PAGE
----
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OETJEN VS. CENTRAL LEATHER CO.

Facts:
The suits are replevin and involve the title to two large consignments of hides, which the plaintiff
in error claims to own as assignee of Martinez & Co., a partnership engaged in business in the city of
Torreon, Mexico, but which the defendant in error claims to own by purchase from the Finnegan-Brown
Company, a Texas corporation which it is alleged purchased the hides in Mexico from General Francisco
Villa on January 3, 1914.
Judgments were rendered for the defendants, which were affirmed by the Court of Errors and
Appeals and are brought to the New Jersey Court on the theory that the claim of title to the hides by the
defendant in error is invalid because based upon a purchase from General Villa, who, it is urged,
confiscated them contrary to the provisions of the Hague Convention of 1907 respecting the laws and
customs of war on land; that the judgment of the state court denied to the plaintiff in error this right which
he 'set up and claimed' under the Hague Convention or treaty; and that this denial gives him the right of
review in this court.
Moreover, these hides were seized by the Carranza government, then engaged in civil war and
sold to an American firm which brought them to New Jersey. The petitioner claims that the seizure was
invalid. However, at the time of the seizure, the Carranza government controlled about two-thirds of
Mexico but there was no government in that country recognized by the United States. On October 19,
1915, recognized the Carranza regime as a de facto government and on August 31, 1917 as de jure
government.
Issue:
WON the seizure is valid provided that the government is a de jure government.
Held:
When a government which originates in revolution or revolt is recognized by the political
department of our government as the de [246 U.S. 297, 303] jure government of the country in which it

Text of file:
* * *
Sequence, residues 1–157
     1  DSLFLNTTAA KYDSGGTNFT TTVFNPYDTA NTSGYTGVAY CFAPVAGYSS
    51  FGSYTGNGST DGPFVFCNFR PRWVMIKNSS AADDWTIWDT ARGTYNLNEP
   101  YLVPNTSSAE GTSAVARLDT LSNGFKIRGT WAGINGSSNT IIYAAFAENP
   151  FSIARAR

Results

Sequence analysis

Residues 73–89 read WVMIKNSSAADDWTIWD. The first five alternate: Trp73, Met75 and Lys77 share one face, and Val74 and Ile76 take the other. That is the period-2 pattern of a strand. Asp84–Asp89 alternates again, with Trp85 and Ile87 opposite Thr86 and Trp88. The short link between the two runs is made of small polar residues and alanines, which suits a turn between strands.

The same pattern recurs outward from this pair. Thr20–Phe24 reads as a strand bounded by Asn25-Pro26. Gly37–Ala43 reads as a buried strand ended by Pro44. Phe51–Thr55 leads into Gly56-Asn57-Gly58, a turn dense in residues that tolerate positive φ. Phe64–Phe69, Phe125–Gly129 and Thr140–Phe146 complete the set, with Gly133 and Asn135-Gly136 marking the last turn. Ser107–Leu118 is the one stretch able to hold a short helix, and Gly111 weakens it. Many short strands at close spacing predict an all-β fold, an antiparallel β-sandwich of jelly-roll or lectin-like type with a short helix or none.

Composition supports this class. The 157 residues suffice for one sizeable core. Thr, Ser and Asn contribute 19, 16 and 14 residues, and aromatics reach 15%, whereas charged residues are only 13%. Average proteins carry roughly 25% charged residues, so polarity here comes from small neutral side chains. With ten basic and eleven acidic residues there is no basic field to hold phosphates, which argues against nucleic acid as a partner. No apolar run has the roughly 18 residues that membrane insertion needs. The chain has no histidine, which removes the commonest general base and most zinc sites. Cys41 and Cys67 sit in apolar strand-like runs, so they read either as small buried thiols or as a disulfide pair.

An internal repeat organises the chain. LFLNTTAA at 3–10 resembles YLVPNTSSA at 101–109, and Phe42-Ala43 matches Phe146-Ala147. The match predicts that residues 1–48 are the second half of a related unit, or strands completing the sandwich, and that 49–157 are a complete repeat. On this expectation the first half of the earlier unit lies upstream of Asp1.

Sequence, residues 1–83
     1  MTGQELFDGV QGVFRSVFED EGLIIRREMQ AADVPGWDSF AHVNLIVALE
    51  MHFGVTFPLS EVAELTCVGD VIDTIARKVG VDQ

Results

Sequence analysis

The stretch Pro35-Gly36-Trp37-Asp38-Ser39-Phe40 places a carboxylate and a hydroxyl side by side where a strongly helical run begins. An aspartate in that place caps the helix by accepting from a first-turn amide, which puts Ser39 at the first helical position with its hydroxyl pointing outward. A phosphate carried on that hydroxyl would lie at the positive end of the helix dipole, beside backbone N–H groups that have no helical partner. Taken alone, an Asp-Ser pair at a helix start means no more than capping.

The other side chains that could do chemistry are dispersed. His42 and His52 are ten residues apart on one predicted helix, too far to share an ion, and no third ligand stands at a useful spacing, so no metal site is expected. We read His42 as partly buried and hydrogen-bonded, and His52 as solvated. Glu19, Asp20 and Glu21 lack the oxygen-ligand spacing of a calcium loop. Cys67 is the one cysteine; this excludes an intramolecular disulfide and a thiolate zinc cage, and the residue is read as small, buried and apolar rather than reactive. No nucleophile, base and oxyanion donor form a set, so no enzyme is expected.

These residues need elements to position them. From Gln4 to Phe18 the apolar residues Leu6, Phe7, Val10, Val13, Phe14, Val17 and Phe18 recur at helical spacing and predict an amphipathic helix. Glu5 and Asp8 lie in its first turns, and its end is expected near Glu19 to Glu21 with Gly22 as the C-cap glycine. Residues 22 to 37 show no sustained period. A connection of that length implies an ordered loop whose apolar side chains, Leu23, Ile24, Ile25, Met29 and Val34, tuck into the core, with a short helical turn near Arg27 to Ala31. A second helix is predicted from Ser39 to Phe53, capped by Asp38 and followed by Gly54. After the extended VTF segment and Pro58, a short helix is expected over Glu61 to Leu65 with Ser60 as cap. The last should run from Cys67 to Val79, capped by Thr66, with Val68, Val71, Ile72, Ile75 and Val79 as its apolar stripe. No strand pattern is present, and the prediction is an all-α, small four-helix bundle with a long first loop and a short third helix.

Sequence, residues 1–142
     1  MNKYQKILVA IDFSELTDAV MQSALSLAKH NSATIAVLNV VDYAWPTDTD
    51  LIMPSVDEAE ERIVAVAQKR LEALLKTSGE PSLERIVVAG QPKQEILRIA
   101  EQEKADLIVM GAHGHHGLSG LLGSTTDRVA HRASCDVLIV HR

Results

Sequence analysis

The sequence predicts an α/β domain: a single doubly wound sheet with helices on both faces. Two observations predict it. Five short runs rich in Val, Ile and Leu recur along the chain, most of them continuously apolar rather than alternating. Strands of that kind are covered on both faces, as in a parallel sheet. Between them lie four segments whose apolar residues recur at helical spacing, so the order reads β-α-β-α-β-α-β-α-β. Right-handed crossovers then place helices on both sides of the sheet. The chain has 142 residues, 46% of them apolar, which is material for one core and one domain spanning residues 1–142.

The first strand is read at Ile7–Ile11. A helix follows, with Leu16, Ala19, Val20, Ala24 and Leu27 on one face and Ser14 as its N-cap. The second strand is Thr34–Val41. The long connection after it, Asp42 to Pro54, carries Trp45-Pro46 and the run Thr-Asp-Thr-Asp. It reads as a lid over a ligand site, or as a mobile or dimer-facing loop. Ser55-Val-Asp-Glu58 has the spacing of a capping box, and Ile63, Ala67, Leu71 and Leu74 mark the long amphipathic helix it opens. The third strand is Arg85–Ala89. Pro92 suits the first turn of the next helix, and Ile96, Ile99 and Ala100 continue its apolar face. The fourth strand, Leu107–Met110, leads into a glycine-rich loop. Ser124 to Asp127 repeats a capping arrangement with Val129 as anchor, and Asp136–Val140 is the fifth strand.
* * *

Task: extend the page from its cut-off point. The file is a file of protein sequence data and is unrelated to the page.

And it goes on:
is established, such recognition is retroactive in effect and validates all the actions and conduct of the
government so recognized from the commencement of its existence.
To these principles we must add that: 'Every sovereign state is bound to respect the independence
of every other sovereign state, and the courts of one country will not sit in judgment on the acts of the
government of another done within its own territory. Redress of grievances by reason of such acts must be
obtained through the means open to be available of by sovereign powers as between themselves.'
'The principle that the conduct of one independent government cannot be successfully questioned
in the courts of another is as applicable to a case involving the title to property brought within the custody
of a court, such as we have here, as it was held to be to the cases cited, in which claims for damages were
based upon acts done in a foreign country, for it rests at last upon the highest [246 U.S. 297, 304]
considerations of international comity and expediency. To permit the validity of the acts of one sovereign
state to be reexamined and perhaps condemned by the courts of another would very certainly 'imperil the
amicable relations between governments and vex the peace of nations